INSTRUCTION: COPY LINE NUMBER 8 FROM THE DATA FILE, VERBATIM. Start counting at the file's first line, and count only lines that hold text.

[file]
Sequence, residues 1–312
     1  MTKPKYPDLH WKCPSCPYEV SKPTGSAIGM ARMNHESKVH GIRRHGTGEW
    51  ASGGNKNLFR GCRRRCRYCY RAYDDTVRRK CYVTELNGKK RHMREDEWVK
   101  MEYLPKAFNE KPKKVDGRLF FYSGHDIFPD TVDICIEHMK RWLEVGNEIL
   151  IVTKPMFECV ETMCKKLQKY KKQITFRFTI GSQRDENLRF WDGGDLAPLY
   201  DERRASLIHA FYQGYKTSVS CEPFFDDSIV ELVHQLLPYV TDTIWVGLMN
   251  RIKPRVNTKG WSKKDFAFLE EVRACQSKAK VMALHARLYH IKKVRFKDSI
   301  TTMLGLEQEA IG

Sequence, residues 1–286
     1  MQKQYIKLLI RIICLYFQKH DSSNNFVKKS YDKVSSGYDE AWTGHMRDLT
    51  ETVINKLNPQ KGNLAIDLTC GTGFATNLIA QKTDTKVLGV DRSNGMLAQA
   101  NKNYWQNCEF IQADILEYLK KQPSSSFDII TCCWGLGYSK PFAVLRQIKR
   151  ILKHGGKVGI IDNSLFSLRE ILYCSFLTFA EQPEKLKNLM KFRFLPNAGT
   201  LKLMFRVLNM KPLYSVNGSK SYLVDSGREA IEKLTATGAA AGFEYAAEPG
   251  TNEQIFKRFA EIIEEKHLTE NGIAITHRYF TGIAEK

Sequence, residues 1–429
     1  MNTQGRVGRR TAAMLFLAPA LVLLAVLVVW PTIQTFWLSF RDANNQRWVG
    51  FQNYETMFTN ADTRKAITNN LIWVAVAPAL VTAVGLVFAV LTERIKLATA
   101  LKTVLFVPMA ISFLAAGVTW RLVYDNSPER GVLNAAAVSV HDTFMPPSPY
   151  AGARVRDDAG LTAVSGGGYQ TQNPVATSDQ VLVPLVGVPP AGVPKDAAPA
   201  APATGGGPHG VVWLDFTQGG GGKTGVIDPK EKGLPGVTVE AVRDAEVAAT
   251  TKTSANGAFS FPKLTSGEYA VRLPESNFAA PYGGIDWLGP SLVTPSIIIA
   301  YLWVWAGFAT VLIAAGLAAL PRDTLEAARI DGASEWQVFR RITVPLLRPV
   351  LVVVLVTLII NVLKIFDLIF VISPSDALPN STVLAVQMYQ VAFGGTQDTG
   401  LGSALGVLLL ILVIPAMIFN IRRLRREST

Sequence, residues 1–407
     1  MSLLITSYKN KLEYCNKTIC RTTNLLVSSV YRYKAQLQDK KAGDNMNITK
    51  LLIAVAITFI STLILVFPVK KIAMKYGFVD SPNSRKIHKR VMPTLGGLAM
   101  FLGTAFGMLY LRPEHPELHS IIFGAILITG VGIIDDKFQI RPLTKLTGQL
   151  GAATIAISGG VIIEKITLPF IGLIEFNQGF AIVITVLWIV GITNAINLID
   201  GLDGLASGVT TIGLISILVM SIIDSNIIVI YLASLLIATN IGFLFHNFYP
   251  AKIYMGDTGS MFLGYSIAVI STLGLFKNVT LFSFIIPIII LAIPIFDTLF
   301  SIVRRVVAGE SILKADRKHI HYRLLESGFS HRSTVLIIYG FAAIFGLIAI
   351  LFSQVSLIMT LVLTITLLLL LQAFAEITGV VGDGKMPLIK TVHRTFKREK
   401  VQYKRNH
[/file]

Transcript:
   301  TTMLGLEQEA IG